Mother Marie de Saint Charles

The Daughters of Jesus give a special place to the figure of Angélique Périgault, born in Talensac (Ille-et-Vilaine) on the 3rd of February 1820. Without having mastered Breton but attracted by the poverty and extreme simplicity of the little-known congregation, she entered the novitiate of the Daughters of Jesus in Bignan in 1841, at the age of twenty-one. She became Sister Marie de Saint Charles at the time of her religious profession. She was elected Superior General at the age of twenty-six and remained so until her death in 1884.

The long duration of her generalate marked the Congregation as well as the richness of her personality. Thanks to this, she was able to face the serious difficulties that could have led to the disappearance of the young congregation, with faith and audacity. The spiritual foundation that she bequeathed to her religious family is, however, what has undoubtedly marked the institute the most.

Mother Marie de Saint Charles

The structuring of the Congregation

As a woman seized by God and animated by a spirituality for an apostolic religious life, she structured the Congregation and strongly contributed to giving it a missionary spirit.

For a long time, the buildings in Bignan had proved too small for the young congregation. In 1860, the Mother House was established a few kilometres away, near Locminé. This became the second cradle of the Congregation, “Kermaria”: the “village of Mary”. A chapel was soon built there. Dedicated to Saint Joseph, it became, over the years, a place of pilgrimage for the surrounding populations and other regions of France.


During the generalate of Mother Marie de Saint Charles, the Congregation experienced a remarkable growth: the number of sisters increased from sixty to more than six hundred and many foundations were able to be envisaged in a few years. They were often realised through great poverty and audacity and carried forward with faith in the future.

After her death in 1884, the Congregation continued to grow.

The richness of her spiritual experience

Bed of Mother Marie de Saint Charles
Although Mother Marie de Saint Charles contributed greatly to the development of the Institute, her essential contribution to the Congregation was elsewhere. It lies in the richness of her spiritual experience, and in a mysticism of apostolic action that she knew how to communicate to her Sisters through her example and advice.
For her, the action of the Sisters could not be reduced to an individual activity. It had to be supported by a common life marked by fraternal charity and by a poverty of life to which the Superior General was very attached.
For Mother Marie de Saint Charles, this apostolic action finds its source and its freedom in God.

“I concentrate on asking God ,” she wrote, “to give us his Spirit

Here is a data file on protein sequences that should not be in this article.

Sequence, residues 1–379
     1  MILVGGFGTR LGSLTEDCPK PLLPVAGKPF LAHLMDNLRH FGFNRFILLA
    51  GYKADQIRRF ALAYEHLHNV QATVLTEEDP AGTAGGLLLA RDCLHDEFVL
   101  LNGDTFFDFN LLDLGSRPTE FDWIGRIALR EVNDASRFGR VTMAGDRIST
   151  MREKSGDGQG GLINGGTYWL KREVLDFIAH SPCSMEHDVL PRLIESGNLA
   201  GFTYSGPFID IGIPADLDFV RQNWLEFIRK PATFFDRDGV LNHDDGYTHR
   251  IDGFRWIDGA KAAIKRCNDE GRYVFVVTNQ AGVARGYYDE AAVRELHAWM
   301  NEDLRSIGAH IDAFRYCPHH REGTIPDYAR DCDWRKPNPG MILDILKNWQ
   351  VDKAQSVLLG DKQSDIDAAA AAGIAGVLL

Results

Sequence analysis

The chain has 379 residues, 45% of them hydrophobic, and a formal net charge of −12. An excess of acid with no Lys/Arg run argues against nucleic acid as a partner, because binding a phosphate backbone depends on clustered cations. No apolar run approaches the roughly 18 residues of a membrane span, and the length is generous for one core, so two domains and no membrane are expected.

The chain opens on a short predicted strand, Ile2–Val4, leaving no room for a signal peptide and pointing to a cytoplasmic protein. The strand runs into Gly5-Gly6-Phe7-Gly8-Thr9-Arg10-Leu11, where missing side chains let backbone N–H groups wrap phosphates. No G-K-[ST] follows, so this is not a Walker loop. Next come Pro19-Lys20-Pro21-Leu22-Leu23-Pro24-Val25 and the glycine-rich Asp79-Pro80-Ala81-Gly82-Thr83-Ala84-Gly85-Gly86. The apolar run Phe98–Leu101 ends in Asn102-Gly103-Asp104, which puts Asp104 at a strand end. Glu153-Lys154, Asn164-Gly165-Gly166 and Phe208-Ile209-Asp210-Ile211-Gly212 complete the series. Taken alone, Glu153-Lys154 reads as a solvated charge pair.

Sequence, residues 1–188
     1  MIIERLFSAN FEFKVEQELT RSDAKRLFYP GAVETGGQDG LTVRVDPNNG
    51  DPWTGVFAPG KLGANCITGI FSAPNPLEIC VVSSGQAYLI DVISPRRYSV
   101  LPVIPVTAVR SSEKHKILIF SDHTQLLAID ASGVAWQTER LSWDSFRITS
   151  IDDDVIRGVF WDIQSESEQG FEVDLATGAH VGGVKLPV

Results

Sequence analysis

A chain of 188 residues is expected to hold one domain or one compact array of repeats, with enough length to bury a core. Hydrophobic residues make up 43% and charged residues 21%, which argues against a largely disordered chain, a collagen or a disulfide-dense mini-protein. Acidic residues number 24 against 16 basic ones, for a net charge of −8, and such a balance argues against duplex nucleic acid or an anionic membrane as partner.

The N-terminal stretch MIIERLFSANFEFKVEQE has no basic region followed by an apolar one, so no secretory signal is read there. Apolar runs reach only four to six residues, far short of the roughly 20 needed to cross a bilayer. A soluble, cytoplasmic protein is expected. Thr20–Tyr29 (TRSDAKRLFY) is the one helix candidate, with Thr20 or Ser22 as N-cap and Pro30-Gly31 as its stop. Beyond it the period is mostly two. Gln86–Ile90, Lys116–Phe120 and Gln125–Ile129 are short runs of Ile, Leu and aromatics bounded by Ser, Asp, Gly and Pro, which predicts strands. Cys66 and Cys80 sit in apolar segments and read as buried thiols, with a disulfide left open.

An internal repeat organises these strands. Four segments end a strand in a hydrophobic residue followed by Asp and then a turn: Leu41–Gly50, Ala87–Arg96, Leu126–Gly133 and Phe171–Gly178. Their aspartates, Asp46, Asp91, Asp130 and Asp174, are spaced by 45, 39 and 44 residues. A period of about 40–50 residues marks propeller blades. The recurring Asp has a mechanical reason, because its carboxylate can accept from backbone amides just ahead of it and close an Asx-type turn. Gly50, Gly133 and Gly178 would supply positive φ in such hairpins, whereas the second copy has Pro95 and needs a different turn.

to help us to act at the right time according to his good pleasure.
Then I leave myself in his hands calmly and peacefully”.

Occasional writings

Memorial of Mother Marie de Saint Charles
Mother Marie de Saint Charles is the only one of the first Superiors General to have left written documents. She never sought however, to write a literary work. They are occasional writings which nevertheless show what and who she was and what she wanted for the Congregation. Key elements emerge in the expression of her personal experience and in the advice she gave to the Sisters: humility, simplicity, trust in God, disappropriation, a constant search for God’s will. It is difficult to remain insensitive to these texts, many of which were incorporated into the 1983 Rule of Life of the Daughters of Jesus.
“Let us strive to progress continuously in the spirit of faith which sees God in all things and all things in God and which learns to turn all obstacles into means of advancing towards Him.” (1877)
“I am content with God, not with myself… I am happy just to be under God’s gaze… I remain there quite contentedly.” (1879)
“I want to ask our good Father St. Joseph for the spirit of recollection … the spirit of wisdom to act, in the difficult times we are experiencing, always in conformity with the divine will.” (1880)
“I have lived from day to day, striving to carry out God’s will and not my own, I am well-content with the good Lord in spite of the sufferings I foresee. I have only one wish: to fulfil his good pleasure.” (1881)
As Superior General, Mother Marie de Saint Charles left to the Daughters of Jesus and to the Associates the heritage of the motto she had made her own:

“I have come to do Thy will, O God”  

(Héb 10, 7)

The interior courtyard of Kermaria
Mother Marie de Saint Charles remains a determining figure for the Daughters of Jesus and the Associates. She is considered to have been the “last foundress” of the Congregation because of her contribution to its structuring.
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